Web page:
If the average pitch across the range is about right after a quick pitch raise then the fine pass will not result in pitches changing significant during the pass.

A two-pass tuning for a moderate pitch correction will be more stable than a massive single-pass pitch raise.

For an old piano it is foolish to overpull at all. The first pass needs to be careful in terms of string integrity. Normally I would drop the pitch just a tad to ensure that the string is able to slide across the terminations. That will take a little longer.


Chris Leslie
Piano technician
http://www.chrisleslie.com.au
Re: Cybertuner or Verituner [Re: Chris Leslie] #2832965
03/30/19 08:24 AM
03/30/19 08:24 AM
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Originally Posted by Chris Leslie
I don't recommend a single pass pitch raise if the piano is more than about 10 cents, or a few hertz, flat at A4.
For an old piano it is foolish to overpull at all. The first pass needs to be careful in terms of string integrity. Normally I would drop the pitch just a tad to ensure that the string is able to slide across the terminations. That will take a little longer.


I totally agree. There may be people with the mindset to overpull and if strings break they break. I did this way back when first learning to tune. But dealing with rust on semi-tone flat spinets is not worth the headache dealing with drop actions.
I'd rather tune faster with very small amount of overstretch.

Re: Cybertuner or Verituner [Re: TeeBach] #2832986
03/30/19 09:52 AM
03/30/19 09:52 AM
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RonTuner Offline
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Originally Posted by TeeBach
Thank you Ron, your valuable insight is much appreciated!

Originally Posted by RonTuner
So yeah, if you are looking for an ETD that really gives the "best" tuning calculations, especially for difficult scales, I haven't found anything to beat the Verituner yet.


Does that mean that you have also tried Cybertuner and still find Verituner at least on the same level in terms of tuning calculations?



...and SAT and Tunelab and OnlyPure, and Dirk's, and Entropy and Easy Piano Tuner... And for the reasons stated above I'll repeat that Verituner is on a different level from all of the other gear currently available. Even Entropy and Easy Piano Tuner - which gather data on each note - boil that data down to a single "fudge factor" inharmonicity constant and lose the ability to really go back to the information from an individual note to effect the curve.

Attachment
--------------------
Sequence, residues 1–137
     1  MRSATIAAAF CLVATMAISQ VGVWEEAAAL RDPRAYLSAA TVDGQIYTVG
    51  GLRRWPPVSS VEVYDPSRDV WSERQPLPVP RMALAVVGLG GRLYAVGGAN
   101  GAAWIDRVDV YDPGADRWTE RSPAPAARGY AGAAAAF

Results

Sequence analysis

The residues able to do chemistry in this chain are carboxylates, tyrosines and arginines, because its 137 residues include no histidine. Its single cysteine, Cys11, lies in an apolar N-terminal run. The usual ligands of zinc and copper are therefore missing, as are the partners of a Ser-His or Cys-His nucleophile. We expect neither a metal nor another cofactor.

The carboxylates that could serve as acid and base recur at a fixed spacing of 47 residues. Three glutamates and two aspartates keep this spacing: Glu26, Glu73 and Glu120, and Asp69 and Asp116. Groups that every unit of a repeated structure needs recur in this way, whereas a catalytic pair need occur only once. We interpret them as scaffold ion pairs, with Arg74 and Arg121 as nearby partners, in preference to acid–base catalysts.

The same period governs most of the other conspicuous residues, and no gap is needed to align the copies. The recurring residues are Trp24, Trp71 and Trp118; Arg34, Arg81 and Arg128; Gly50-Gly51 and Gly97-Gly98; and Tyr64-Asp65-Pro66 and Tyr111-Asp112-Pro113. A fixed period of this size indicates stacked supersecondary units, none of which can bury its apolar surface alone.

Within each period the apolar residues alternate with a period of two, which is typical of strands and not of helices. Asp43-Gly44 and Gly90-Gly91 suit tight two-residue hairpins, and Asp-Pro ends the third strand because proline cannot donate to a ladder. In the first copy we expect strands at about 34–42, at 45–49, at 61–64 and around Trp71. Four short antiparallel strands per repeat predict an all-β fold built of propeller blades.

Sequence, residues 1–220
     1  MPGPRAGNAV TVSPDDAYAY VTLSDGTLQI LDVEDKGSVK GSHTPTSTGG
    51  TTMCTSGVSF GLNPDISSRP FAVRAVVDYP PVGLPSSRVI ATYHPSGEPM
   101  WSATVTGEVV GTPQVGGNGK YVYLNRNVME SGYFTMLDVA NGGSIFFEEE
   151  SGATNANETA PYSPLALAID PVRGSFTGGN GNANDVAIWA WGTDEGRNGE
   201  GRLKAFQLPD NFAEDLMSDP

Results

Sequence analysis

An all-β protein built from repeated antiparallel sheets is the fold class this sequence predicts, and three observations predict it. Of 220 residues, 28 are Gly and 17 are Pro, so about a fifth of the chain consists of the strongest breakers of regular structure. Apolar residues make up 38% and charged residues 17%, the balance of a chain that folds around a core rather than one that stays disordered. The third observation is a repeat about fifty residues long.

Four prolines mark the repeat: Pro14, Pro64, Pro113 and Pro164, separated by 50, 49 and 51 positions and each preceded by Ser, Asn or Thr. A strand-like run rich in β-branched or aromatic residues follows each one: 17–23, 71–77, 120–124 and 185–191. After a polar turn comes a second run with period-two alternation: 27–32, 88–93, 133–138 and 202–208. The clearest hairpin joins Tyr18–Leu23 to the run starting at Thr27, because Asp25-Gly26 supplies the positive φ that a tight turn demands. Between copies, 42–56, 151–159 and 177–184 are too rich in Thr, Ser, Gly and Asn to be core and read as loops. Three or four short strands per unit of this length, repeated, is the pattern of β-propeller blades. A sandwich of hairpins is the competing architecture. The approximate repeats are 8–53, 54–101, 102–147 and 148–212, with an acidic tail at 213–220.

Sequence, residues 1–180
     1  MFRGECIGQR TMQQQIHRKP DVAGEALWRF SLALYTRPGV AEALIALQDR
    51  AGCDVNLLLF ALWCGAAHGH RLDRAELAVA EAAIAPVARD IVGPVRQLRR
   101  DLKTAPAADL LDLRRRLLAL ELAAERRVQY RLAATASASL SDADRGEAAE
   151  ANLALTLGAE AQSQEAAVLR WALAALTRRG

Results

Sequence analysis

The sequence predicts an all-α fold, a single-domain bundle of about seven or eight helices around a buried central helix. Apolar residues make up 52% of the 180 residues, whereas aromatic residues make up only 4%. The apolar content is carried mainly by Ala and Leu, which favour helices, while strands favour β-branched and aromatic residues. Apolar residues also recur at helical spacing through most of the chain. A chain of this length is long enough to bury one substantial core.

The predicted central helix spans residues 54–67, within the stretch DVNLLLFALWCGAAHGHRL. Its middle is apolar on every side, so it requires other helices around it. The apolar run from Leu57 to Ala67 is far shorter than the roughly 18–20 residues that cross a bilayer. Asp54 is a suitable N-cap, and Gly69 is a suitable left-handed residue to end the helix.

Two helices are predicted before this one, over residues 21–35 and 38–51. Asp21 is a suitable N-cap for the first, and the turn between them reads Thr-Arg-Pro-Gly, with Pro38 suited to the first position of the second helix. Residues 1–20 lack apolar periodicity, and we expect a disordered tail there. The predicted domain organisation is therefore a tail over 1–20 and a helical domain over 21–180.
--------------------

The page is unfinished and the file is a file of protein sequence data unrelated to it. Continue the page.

Another topic not even talked about yet is the "smooth curve" approach of tuning to a single partial that is the basis of most of the standard ETDs that measure a few notes. That's what you see in the Tunelab graph... When you look at the graphs from gear that tries to be responsive to scale changes on a note-to-note basis, the bumps and jumps are obvious to the eye, even on well-scaled instruments... The results to the ear may vary from subtle to obvious.

Yet another question remains: what are you doing to help your ETD? We often focus on what it does for us, but read your manual (again) and do all you can to make sure you are doing your best to get accurate data in! Even for techs not comfortable with aural tuning, it is possible to use some of the custom functions on any of the ETDs to vary the stretch. One simple approach is to pre-tune one string of a series of octaves (All Cs or As, etc) then carefully listen to the octave combinations and decide "is that good enough, or is that one beating a little"? Choose another setting or partial match and re-tune and see if it is better or worse. Try it involving a note close to the break and you may find your current gear unable to land that note in a "good" or "least bad" location for difficult pianos. In this manner you can build an experience base for what settings match which model of piano. In effect, the ETD is used to tune from the outside in - starting with a verified ladder of notes to establish a pleasing stretch.

Taken another step further, it is possible to set a ladder of octaves by ear and then guide the ETD to create the octaves as close to your goal as possible and then document that setting for use with other pianos of the same model. In effect establishing a "rule set" for pleasing octaves when combined with the data taken from the piano. (What combination of wide or narrow interval matches create the appropriate curve?) Using this method is what pushed me from one gear to the next in the search for the elusive stretch.

If aural tuners think they are immune to any of this, rest assured they experience plenty of their own issues related to temperament as well as finding the best stretch. Consider when working out from the middle and then having to chose a slightly wider or narrower octave farther away from the temperament octave. What that means is that all of the notes previously tuned should be retuned so that the stretch alters gradually without any obvious shifts from one test interval to another. Some aural techs seem to have a natural ability at this, others.... not so much. (present company excepted, of course, because we are all above average here!)

This takes you into the realm of hybrid tuning; using the ETD to do what it does best, under the guidance of what our ears do more easily - identify "good" or "least bad" unisons and octaves.

Ron Koval

Re: Cybertuner or Verituner [Re: kpembrook] #2833025
03/30/19 12:07 PM
03/30/19 12:07 PM
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Keith-